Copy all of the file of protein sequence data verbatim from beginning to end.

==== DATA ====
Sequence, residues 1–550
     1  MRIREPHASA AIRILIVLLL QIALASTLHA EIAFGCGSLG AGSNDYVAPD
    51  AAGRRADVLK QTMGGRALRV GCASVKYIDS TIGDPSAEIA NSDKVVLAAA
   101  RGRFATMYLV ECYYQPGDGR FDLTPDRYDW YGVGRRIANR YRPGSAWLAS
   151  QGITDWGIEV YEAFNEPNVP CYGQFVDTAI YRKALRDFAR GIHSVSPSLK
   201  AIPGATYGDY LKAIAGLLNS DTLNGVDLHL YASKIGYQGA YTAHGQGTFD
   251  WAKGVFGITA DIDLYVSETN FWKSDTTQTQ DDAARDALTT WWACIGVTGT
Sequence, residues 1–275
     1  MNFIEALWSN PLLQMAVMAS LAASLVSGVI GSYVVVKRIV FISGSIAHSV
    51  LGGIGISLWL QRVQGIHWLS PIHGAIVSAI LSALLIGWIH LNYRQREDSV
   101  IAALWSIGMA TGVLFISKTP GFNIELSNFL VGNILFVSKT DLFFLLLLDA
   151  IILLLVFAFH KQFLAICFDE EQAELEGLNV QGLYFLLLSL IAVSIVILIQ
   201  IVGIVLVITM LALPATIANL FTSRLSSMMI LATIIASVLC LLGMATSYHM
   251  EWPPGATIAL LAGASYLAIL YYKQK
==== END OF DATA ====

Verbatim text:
Sequence, residues 1–550
     1  MRIREPHASA AIRILIVLLL QIALASTLHA EIAFGCGSLG AGSNDYVAPD
    51  AAGRRADVLK QTMGGRALRV GCASVKYIDS TIGDPSAEIA NSDKVVLAAA
   101  RGRFATMYLV ECYYQPGDGR FDLTPDRYDW YGVGRRIANR YRPGSAWLAS
   151  QGITDWGIEV YEAFNEPNVP CYGQFVDTAI YRKALRDFAR GIHSVSPSLK
   201  AIPGATYGDY LKAIAGLLNS DTLNGVDLHL YASKIGYQGA YTAHGQGTFD
   251  WAKGVFGITA DIDLYVSETN FWKSDTTQTQ DDAARDALTT WWACIGVTGT
Sequence, residues 1–275
     1  MNFIEALWSN PLLQMAVMAS LAASLVSGVI GSYVVVKRIV FISGSIAHSV
    51  LGGIGISLWL QRVQGIHWLS PIHGAIVSAI LSALLIGWIH LNYRQREDSV
   101  IAALWSIGMA TGVLFISKTP GFNIELSNFL VGNILFVSKT DLFFLLLLDA
   151  IILLLVFAFH KQFLAICFDE EQAELEGLNV QGLYFLLLSL IAVSIVILIQ
   201  IVGIVLVITM LALPATIANL FTSRLSSMMI LATIIASVLC LLGMATSYHM
   251  EWPPGATIAL LAGASYLAIL YYKQK